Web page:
• Unlimited access from just £6.99 per month

See related essaysSee related essays

Related AS and A Level Exchange, Transport & Reproduction essays

  1. Marked by a teacher

    Human Reproductive System

    4 star(s)

    Biology. London: Harper Collins Publishers Limited. EHD. (2009). Ovary. Available: http://www.ehd.org/images/prenatal_article/ovary-adv.jpg. Last Accessed 04 Feb 2009. E-Rham. (2009). Testes. Available: http://www.e-rham.com/img/atcl4_testes.gif. Last Accessed 03 Feb 2009. Kent, M . (2000). Advanced Biology. Oxford: Oxford University Press. Tortora, G.J. and Derrickson, B.

  2. Marked by a teacher

    What is Type 1 diabetes

    3 star(s)

    You should also try to eat three main meals and two to three snacks daily. Specific dietary advice can be obtained from the dietitian attached to the diabetic clinic. What can I do to avoid Type 1 diabetes? At present, this type of diabetes is not preventable but many scientific

  1. Peer reviewed

    "An investigation into the Respiration of Carbohydrate Substrates by Yeast."

    5 star(s)

    monosaccharide carbohydrate which means it only has one molecule in it's structure. It is a fundamental ingredient in respiration and begins producing energy almost immediately. There are no glycosidic bonds attaching it to other molecules which have to be broken before the covalent bonds, and therefore the covalent bonds are broken quickly, producing CO2 molecules straight away.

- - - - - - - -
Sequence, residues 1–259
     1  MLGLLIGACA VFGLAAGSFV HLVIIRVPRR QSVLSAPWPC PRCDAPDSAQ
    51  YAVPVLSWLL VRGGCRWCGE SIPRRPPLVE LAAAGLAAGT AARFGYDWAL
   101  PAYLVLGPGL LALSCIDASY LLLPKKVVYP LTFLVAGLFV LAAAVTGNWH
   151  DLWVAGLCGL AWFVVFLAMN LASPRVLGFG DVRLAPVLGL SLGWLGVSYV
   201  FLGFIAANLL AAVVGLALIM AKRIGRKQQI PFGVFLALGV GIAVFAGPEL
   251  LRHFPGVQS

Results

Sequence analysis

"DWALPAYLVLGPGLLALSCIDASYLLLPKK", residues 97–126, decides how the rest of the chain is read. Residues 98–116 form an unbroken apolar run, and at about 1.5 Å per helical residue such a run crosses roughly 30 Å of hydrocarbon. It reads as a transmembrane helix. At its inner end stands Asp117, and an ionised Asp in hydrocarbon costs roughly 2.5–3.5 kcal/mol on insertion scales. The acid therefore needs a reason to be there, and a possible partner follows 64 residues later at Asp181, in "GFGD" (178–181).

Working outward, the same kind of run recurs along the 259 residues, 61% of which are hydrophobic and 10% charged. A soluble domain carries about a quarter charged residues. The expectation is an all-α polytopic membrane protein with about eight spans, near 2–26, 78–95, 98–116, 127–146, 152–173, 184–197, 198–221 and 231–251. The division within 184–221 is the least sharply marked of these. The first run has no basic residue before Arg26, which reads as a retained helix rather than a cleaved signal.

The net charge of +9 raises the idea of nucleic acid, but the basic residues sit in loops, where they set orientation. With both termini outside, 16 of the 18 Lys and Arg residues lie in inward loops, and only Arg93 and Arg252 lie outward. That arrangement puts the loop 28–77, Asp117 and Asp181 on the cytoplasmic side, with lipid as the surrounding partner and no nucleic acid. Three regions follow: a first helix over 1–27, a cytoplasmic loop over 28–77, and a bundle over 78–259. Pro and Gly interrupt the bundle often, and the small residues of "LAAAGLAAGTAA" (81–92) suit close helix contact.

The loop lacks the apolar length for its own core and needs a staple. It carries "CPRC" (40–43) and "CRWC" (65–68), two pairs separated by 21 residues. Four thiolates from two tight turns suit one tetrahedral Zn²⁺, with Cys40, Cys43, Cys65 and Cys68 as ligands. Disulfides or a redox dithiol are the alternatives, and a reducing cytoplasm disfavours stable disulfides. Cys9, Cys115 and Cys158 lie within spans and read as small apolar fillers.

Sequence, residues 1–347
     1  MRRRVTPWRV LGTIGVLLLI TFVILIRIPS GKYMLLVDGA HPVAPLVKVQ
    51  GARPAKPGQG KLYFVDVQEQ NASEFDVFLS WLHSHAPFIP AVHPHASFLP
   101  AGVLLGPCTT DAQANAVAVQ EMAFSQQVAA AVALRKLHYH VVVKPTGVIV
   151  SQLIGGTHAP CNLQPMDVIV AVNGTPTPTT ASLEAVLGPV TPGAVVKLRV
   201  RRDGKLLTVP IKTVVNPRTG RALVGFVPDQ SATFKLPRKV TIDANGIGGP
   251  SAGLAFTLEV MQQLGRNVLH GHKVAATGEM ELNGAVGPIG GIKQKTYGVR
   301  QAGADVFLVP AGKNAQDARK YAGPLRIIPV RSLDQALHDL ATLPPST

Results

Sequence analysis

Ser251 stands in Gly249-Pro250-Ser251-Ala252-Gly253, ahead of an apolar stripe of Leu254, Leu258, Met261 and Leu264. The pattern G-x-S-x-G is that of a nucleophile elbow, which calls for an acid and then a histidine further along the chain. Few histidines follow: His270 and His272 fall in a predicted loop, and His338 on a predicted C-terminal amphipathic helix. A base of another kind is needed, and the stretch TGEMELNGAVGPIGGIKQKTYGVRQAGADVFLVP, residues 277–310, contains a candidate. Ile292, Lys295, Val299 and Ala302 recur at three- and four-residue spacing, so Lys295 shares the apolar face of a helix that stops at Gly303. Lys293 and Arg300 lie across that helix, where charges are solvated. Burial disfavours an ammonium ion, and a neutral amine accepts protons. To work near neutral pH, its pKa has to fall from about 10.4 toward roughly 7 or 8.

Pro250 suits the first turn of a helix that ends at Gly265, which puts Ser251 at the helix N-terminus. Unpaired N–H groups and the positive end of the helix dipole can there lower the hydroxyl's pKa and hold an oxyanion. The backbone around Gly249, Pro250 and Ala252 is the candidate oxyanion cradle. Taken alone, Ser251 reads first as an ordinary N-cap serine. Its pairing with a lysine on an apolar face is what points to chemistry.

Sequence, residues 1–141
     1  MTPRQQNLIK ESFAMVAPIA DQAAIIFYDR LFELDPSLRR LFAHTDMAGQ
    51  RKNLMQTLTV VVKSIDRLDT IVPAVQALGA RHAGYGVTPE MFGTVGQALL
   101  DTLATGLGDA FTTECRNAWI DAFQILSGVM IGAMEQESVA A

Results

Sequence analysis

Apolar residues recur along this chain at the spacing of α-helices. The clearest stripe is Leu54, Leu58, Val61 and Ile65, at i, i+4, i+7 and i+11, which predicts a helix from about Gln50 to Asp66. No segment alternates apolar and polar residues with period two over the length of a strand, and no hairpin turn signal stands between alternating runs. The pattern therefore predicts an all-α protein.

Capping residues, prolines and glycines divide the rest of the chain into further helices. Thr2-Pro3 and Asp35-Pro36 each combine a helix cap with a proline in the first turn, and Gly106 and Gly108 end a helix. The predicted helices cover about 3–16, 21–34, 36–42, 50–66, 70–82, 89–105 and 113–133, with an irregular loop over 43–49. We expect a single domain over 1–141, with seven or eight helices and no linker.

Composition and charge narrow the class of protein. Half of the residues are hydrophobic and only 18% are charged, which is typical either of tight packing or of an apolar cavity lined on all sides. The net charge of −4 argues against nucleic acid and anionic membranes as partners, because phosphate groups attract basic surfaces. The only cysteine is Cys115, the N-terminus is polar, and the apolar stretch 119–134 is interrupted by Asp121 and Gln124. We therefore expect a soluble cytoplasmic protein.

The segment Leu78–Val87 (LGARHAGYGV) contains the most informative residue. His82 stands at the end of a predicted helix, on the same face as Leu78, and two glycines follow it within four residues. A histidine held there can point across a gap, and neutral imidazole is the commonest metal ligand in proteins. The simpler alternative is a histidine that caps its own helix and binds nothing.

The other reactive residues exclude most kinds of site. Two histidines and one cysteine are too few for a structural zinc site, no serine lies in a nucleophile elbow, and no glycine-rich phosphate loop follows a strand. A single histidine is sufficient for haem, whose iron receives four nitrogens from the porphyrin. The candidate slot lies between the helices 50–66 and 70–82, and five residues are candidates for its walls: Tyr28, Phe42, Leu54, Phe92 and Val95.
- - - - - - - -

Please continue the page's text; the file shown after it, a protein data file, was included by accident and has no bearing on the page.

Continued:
2. The Skeletal and Muscular System

    Movement. Movement, of either the whole body or a single limb, is possible due to the contraction and relaxation of skeletal muscles that are attached to the bones of the skeleton. When these muscles contract, they pull the bones to produce movement.

  1. Blood System Assignemnt

    100 4 years 100 6 years 100 8 years 100 12 years 85 Adult 60-100 Our pulse rate increases or decreases in reaction to certain conditions, for instance the pulse rate will increase during exercise as we need more oxygen to circulate around our body to help the muscles and

  2. The Endocrine System

    In contrast, other glands including sweat glands, salivary glands, and glands of the gastrointestinal system secrete the substances they produce through ducts, and those substances are used in the vicinity of the gland. The regulation of body functions by the endocrine system depends on the existence of specific receptor cells

  1. Diabetes Mellitus

    Other symptoms include blurred vision, rapid weight loss and fatigue. In type 2 diabetes (otherwise known as non- insulin dependent or late onset diabetes) the body can still produce insulin (often in relatively large quantities), but do so inadequately for their body's needs - in the face of insulin resistance - the decreased sensitivity of hepatocyte insulin receptors.

  2. Urinary system

    Water, glucose, urea, proteins, uric acid, sodium, potassium, chloride ions and other substances are filtered from the blood into proximal convoluted tubules by a net filtration pressure (Solomon, E. et al 1990). The amount of filtrate that is produced by the kidneys is known as the glomerular filtration rate (GFR).

  • Over 160,000 pieces
    of student written work
  • Annotated by
    experienced teachers
  • Ideas and feedback to
    improve your own work